Can Middle East tourism ever recover?

Has tourism in Middle East reached a tipping point?
The Islamic world’s mystery and riches once attracted hordes of western sightseers and beach tourists. But conflict and jihadist terrorism is destroying the industry in countries like Egypt and Tunisia, Guardian contributor Kevin Rushby writes.
In a long feature he recalls the exotic atmosphere of the nightlife and historic attractions in the Yemeni port of Aden in the early 1990s. Today nobody visits Aden, or the mountain city of Sana’a with its ancient centre. Other World Heritage sites now inaccessible across the Middle East include Libya’s Leptis Magna, Syria’s Palmyra (or what’s left of it) and the Afghan buddhas of Bamiyan.
“There are serious concerns that the downward plunge is about to be repeated across the entire Middle East, dragging down mass tourist destinations such as Egypt, Morocco and Turkey,” Rushby writes. “A multi-billion-dollar industry is teetering on the brink of collapse, a disaster that could leave millions jobless and faced with the grim choices of a hopeless existence, perilous emigration or violence.”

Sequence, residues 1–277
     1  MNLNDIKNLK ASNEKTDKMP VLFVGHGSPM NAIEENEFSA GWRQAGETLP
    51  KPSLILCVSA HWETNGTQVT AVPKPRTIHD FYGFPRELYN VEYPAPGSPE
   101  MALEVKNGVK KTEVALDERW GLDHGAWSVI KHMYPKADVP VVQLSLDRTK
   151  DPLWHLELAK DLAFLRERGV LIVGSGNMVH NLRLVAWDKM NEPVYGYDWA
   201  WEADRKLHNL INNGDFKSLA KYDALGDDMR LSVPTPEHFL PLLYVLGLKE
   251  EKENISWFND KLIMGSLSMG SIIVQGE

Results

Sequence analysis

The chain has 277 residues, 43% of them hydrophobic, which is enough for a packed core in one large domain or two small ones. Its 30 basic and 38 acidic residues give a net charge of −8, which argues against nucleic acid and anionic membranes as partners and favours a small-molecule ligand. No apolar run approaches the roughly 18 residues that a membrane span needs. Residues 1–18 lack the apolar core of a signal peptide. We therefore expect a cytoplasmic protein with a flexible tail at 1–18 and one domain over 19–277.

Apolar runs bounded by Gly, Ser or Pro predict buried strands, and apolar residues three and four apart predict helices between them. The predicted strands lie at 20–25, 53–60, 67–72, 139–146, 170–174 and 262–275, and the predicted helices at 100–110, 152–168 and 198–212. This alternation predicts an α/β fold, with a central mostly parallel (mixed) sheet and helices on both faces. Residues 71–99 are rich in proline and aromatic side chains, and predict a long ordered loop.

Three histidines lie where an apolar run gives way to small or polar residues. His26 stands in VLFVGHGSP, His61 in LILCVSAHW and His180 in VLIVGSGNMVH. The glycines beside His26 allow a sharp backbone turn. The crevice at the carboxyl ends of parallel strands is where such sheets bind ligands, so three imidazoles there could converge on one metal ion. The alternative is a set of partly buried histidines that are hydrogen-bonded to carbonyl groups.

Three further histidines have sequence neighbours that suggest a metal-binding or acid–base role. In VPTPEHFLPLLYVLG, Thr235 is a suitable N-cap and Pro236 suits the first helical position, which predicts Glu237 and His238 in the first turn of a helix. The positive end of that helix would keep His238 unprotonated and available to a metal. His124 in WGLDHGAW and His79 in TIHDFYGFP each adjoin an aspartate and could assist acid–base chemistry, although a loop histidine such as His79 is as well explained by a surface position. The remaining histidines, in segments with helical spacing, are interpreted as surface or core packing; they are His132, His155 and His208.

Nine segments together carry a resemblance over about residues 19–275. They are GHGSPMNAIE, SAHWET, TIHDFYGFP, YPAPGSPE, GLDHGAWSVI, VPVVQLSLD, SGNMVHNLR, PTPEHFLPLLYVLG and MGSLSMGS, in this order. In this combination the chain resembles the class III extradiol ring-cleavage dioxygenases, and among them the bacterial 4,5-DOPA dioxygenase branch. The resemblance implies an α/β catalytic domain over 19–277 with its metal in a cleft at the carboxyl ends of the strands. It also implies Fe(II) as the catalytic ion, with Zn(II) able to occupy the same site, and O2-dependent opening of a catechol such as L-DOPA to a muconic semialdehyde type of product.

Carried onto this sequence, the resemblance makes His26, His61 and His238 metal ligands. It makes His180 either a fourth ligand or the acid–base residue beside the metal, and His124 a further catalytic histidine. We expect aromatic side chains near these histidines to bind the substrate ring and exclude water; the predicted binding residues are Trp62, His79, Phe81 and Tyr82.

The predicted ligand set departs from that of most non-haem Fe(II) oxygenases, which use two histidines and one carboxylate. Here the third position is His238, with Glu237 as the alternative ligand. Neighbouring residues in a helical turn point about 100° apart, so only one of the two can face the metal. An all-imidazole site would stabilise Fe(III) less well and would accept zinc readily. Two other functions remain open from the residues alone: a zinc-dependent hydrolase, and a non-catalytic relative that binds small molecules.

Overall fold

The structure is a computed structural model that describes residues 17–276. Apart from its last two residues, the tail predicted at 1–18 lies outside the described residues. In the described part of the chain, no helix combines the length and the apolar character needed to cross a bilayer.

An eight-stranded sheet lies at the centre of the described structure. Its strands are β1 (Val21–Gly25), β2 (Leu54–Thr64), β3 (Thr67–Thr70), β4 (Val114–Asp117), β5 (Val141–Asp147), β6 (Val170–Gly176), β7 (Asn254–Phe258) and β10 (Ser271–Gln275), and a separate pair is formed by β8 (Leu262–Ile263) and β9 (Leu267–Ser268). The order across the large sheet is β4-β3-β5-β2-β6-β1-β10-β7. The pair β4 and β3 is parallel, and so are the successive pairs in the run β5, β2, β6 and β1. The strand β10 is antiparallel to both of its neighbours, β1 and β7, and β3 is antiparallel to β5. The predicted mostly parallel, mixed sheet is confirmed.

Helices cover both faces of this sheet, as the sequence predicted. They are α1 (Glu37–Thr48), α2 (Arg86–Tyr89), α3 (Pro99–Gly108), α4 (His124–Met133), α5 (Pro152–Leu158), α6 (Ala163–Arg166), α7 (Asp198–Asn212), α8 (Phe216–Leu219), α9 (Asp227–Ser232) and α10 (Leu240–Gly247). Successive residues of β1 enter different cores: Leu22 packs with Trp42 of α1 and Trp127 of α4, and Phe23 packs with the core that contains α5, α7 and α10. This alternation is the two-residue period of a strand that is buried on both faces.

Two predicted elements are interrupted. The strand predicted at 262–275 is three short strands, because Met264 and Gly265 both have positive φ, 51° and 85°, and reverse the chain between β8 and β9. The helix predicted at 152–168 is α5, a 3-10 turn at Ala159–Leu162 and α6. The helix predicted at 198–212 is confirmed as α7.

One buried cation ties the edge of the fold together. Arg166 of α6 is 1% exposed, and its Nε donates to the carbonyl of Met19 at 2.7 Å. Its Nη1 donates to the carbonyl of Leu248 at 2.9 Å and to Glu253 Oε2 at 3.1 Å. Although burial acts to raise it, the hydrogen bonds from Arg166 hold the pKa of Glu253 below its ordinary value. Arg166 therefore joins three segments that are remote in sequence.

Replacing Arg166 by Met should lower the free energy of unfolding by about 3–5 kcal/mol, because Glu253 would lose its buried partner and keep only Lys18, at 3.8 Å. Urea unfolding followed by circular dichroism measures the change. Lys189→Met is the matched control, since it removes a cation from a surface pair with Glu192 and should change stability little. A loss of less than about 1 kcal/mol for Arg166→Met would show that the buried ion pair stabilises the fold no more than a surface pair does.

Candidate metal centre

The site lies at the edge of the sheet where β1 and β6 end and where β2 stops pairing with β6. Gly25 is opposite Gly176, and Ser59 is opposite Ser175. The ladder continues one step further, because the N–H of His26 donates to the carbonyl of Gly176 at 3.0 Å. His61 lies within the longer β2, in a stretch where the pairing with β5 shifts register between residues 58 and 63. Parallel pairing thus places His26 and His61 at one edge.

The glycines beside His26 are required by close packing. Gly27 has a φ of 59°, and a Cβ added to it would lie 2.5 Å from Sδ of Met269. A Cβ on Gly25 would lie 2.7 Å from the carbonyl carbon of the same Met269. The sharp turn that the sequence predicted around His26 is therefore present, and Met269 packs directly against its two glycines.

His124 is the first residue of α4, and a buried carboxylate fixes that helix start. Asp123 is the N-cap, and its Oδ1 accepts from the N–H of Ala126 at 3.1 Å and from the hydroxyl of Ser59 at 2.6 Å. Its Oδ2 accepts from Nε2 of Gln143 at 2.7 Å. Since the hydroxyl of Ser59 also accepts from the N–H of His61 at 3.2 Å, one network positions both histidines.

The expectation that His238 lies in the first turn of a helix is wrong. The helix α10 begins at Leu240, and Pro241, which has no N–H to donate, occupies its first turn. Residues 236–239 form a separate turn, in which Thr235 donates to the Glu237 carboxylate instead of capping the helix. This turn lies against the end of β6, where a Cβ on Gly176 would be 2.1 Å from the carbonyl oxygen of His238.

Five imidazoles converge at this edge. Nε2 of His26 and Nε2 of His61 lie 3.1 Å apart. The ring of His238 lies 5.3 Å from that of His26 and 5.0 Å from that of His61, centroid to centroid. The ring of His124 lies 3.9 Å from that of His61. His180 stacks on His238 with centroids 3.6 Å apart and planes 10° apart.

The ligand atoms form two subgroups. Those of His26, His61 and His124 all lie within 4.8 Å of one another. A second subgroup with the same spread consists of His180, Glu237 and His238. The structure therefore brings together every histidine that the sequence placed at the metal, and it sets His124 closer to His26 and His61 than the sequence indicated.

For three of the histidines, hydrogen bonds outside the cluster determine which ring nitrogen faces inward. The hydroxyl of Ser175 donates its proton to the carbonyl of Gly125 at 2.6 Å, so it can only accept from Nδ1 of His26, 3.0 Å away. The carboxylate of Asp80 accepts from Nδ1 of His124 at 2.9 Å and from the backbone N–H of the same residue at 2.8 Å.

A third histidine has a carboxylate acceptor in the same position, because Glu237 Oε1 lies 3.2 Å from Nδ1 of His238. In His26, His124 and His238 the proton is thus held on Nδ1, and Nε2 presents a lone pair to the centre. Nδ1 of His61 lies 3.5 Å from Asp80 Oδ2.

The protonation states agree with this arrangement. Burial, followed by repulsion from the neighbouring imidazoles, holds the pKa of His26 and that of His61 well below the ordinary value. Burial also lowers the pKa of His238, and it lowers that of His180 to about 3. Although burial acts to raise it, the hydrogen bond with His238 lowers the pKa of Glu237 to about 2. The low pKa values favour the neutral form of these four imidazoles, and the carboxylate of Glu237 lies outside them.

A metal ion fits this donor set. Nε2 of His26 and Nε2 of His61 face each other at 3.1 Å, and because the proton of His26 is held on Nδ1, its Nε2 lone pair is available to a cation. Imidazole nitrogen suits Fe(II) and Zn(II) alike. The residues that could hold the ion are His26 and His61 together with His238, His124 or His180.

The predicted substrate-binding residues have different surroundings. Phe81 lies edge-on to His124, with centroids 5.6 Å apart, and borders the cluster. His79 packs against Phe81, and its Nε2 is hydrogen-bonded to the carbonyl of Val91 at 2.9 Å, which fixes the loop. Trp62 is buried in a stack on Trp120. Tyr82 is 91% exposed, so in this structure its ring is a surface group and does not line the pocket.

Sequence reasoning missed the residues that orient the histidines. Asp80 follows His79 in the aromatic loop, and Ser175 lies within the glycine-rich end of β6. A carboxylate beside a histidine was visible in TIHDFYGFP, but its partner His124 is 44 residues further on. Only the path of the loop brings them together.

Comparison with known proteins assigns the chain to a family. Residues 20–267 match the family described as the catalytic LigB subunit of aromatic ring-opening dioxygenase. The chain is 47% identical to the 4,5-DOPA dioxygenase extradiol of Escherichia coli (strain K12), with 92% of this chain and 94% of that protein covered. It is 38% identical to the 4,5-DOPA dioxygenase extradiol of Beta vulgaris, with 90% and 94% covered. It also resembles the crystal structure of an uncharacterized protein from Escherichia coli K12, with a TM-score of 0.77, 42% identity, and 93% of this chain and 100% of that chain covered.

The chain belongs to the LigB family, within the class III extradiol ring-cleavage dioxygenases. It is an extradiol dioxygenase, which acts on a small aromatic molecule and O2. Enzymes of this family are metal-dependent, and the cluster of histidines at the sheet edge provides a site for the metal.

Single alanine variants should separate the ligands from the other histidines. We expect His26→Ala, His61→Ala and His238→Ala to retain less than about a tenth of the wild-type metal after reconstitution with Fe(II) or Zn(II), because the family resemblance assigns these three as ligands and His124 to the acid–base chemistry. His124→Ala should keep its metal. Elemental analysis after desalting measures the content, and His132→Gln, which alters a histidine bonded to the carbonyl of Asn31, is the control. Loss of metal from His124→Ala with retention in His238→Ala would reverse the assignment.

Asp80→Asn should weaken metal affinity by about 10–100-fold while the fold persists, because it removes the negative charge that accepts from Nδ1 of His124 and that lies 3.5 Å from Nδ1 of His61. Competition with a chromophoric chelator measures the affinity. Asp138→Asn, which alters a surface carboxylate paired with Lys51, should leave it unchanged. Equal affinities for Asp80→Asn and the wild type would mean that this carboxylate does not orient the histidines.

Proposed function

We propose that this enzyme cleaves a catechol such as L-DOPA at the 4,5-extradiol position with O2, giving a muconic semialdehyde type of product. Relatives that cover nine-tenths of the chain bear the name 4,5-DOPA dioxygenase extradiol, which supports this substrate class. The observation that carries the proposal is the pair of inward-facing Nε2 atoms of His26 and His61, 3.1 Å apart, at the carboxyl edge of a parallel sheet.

He quotes Yeganeh Morakabati, who researches the topic of tourism and terrorism at Bournemouth University: “The tourist industry in the Middle East may have reached a tipping point. It doesn’t look good at all, certainly in the short term.”
In most of the region, the big drop in tourism means more unemployment, more poverty – and more recruitment for extremist groups.
A recent visitor to Petra in Jordan, where at least 10 hotels have closed, said he had the place to himself. Peaceful Jordan is seen as unsafe, tainted by association with violent neighbours.
In Sinai, there are countless shells of unfinished hotels. In Luxor, hundreds of riverboats are tied up and disused. Advance bookings to Egypt are said to be extremely low.
Even in Turkey there is a serious downturn, certain to worsen now Russia is pressuring its citizens not to travel there. But there are bright spots, with tour operators covering Iran, for example, seeing a surge in demand. Tourism in Algeria and Central Asia is also improving. Rushby ends optimistically, listing six destinations for travellers in the Middle East and North Africa.
The Guardian


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